India: Thermal coal loses steam. Will other raw material prices dip too?
Following the trend seen in the last few months, prices of all key input materials for steel-making increased m-o-m in October except for iron ore, data compiled by Steel...
Following the trend seen in the last few months, prices of all key input materials for steel-making increased m-o-m in October except for iron ore, data compiled by SteelMint reveals. However, since end-October, mostly all input prices have started dipping.
Coal: The bi-weekly index tracking the average portside ex-Gangavaram prices of the South African RB2 5500 NAR reveals that, m-o-m, these rose 54% in Oct'21, the highest rise registered amongst all raw materials. This sharp uptrend had a cascading impact on all input materials, the data further reveals. Average monthly prices in October hovered at INR 17,300/tonne (t) compared to INR 11,200/t in Sept'21. Global prices stayed elevated due to the tightness in production and supply and China's increased buying of imported coal ahead of its winter heating season. However, China, the epicentre of the crisis, was quick to intervene. It allowed a floating benchmark price in the long-term contracts and also put coal in the "prohibiting exorbitant profits" category. Both factors cooled down global coal prices. In tandem, India's portside prices also started cooling from around mid-Oct'21, and, last assessed on 3 Nov'21, were down to INR 11,000/t.
The domestic G9 grade (4750 k/cal) auctioned at South Eastern Coalfields (SECL) rose almost 29% m-o-m to INR 7,200/t in Oct'21 against Sept'21's INR 5,600/t due to the continued tightness in production and supply from Coal India. SECL is yet to conduct its monthly auction for November. However, under the special forward auction meant for the power sector in November, the bid price lost steam at INR 1,277.9/t against October's INR 1,827.91/t.
Coking coal: Prices of the Australian HCC rose 15% m-o-m in October to $425/t against September's $370/t. Late last year China turned to suppliers like USA, Mozambique etc after stopping its purchases from Australia. Since these origins supplied to Europe, Japan, Latin America and South Korea, the supply crunch became pronounced, leading to price escalation. However, October prices cooled down to around $400/t.
Ferro alloys: Ferro alloys prices were the second-most affected, in a boomerang effect from coal, being a highly power-intensive business. With units in China closing down, supply issues cropped up. Silico manganese (60:14, ex-Raipur) prices rose 37% m-o-m. But, with coal cooling down, silico manganese prices have plunged since last one week to INR 117,100/t ex-Raipur. With additional domestic capacities in play, buyers are negotiating further.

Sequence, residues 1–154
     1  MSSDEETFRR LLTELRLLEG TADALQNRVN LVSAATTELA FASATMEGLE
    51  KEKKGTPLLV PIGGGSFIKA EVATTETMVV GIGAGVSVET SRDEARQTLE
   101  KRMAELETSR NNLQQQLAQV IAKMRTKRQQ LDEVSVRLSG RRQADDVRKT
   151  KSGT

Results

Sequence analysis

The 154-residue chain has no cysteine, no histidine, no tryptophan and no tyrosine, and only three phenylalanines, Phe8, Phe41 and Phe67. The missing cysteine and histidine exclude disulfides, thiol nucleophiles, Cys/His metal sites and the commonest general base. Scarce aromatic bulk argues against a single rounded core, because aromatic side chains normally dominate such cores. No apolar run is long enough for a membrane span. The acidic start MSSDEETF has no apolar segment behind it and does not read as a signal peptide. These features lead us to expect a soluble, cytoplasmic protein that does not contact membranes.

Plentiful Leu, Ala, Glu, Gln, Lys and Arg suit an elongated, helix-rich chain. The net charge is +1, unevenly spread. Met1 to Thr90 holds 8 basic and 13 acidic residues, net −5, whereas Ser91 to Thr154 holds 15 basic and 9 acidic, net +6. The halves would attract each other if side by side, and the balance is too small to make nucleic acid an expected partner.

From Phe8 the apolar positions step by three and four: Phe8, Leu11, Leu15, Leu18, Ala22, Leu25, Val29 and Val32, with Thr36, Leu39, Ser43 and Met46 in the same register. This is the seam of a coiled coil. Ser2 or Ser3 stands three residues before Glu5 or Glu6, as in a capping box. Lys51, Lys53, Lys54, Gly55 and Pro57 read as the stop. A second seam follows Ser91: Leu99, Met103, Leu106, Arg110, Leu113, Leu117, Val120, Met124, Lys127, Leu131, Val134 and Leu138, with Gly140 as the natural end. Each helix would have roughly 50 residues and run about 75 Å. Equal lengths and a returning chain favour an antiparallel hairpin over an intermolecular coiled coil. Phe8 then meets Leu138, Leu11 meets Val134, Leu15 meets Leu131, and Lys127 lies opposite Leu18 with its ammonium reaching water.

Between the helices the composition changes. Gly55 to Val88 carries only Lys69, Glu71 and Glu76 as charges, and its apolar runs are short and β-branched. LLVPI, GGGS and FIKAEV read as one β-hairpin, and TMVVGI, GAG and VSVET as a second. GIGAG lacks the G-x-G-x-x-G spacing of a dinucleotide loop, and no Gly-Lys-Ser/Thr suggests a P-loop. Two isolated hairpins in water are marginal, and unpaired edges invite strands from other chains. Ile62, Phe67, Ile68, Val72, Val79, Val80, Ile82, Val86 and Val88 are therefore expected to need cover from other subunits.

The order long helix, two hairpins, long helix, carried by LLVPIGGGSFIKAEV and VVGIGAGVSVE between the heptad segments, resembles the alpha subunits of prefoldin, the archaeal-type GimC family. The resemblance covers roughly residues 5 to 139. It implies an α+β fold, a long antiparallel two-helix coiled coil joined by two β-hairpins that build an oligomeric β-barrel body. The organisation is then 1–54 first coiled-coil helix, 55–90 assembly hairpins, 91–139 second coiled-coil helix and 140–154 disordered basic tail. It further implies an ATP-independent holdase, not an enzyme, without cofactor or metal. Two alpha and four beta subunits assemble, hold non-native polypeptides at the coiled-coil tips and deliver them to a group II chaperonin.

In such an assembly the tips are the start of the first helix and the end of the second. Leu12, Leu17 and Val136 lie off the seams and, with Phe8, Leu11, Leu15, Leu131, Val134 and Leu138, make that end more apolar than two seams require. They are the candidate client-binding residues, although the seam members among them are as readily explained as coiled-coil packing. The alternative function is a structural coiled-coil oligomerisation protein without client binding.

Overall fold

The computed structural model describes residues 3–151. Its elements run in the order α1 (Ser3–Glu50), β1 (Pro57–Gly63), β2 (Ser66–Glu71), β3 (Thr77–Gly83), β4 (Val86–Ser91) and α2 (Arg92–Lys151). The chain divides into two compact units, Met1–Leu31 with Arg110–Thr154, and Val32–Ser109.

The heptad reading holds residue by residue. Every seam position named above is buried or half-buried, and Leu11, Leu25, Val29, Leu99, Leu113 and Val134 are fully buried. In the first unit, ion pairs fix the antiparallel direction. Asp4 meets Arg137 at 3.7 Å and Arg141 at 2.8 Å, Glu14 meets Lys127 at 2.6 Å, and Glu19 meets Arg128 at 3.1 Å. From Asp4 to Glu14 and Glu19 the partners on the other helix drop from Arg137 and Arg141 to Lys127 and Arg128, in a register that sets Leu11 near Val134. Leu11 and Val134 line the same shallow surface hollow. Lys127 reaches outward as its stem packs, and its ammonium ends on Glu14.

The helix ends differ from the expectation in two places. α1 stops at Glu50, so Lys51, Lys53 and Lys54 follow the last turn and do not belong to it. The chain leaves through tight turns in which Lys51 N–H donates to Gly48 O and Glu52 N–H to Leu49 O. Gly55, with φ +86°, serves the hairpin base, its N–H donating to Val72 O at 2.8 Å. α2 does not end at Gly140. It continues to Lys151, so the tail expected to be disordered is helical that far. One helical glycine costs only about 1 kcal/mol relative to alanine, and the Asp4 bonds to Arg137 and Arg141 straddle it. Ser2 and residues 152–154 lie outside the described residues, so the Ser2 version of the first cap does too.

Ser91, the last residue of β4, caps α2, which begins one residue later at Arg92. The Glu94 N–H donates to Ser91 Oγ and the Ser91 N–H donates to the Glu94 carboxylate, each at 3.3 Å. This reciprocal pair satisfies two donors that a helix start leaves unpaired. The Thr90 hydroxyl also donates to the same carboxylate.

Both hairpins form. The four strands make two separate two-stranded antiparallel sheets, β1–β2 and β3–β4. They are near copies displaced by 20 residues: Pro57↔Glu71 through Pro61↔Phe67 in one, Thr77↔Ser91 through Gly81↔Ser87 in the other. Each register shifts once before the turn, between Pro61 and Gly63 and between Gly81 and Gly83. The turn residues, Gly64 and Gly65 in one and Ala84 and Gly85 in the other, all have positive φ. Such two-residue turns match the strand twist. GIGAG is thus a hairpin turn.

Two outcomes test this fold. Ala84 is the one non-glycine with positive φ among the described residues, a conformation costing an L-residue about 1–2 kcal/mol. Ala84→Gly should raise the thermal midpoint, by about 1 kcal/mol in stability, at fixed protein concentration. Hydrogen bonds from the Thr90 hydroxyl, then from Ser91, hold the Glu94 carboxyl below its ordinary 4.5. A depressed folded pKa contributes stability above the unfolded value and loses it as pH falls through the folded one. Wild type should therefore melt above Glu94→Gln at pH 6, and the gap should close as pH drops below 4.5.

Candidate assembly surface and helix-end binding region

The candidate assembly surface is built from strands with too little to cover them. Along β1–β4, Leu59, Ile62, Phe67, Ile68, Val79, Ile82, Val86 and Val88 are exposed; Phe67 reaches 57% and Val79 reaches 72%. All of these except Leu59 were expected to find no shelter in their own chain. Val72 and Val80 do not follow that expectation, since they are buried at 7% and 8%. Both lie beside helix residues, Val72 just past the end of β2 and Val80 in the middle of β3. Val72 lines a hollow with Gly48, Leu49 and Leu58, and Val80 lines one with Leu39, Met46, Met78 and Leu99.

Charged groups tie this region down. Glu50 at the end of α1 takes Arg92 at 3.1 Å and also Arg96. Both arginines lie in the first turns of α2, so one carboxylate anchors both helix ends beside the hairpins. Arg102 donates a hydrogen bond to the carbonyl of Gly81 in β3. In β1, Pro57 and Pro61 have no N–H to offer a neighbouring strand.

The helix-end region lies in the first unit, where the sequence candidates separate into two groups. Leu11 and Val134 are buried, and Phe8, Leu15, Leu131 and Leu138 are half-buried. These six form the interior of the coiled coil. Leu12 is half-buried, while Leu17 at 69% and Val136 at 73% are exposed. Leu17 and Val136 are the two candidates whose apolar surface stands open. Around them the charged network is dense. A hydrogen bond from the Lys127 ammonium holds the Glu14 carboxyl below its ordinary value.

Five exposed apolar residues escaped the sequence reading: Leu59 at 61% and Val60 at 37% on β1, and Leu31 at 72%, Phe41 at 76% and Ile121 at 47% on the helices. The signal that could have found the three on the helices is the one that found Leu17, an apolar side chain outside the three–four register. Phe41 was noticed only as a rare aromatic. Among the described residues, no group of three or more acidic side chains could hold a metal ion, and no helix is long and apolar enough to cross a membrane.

Scraps and metallics: All were impacted by coal. Sponge iron is much dependent on the RB2 variety. The pellet-based P-DRI, ex-Raipur, rose 13% to INR 34,100/t in October (compared to INR 30,150/t in September). Pig iron prices also rose by 13% to INR 45850/t (INR 40,600/t) and domestic scrap (ex-Mumbai) rose 7% during this period. Local supply tightness is persisting in scrap, which is also supporting higher prices.
Steel: Higher raw material costs supported the rise in semi-finished and finished prices. For instance, the ex-Raipur billet index showed that m-o-m prices in October had risen 11% to INR 47,200/t (INR 42,500/t). The ex-Mumbai BF-grade rebar also rose 11% to INR 57,600/t (INR 51,900/t) and IF grade by 13% to INR 52,450/t (INR 46,450/t) during this period. Wire rods (ex-Durgapur) were also up 13% in this period to INR 51,050/t (INR 45,125/t). Ex-Mumbai trade level HRC prices are up 8% to INR 70,700/t (INR 65,400/t) m-o-m in October.
Iron ore: This raw material, after hitting stratospheric highs of $230/t around May globally, cooled off to around $123/t due to severe steel production cuts which weakened China appetite and lowered exports from India, dragging down domestic prices too. As a result, the Fe63% fines emerging from Odisha dropped 6% in October m-o-m to INR 6,450/t (INR 6,890/t). The Fe63% lumps (Odisha) also dipped 4% in this period. However, the Fe63% pellets (DAP Raipur) were up 19% m-o-m to INR 13,360/t in Oct'21 (INR 11,200/t). Again, despite subdued demand, domestic pellet prices stayed firm in October due to the coal inflation.
China, from where the global coal crisis emerged, has moved to quell prices. Indonesian high CV (5800 GAR) has thus moved down to $150/t on 5 Nov'21 from its peak of $217/t in mid-October. South African prices also corrected to $145/t on 5 Oct'21 from a peak of $244/t in mid-October. "Prices have peaked," say many. With coal losing steam, November may see prices dipping across all raw materials.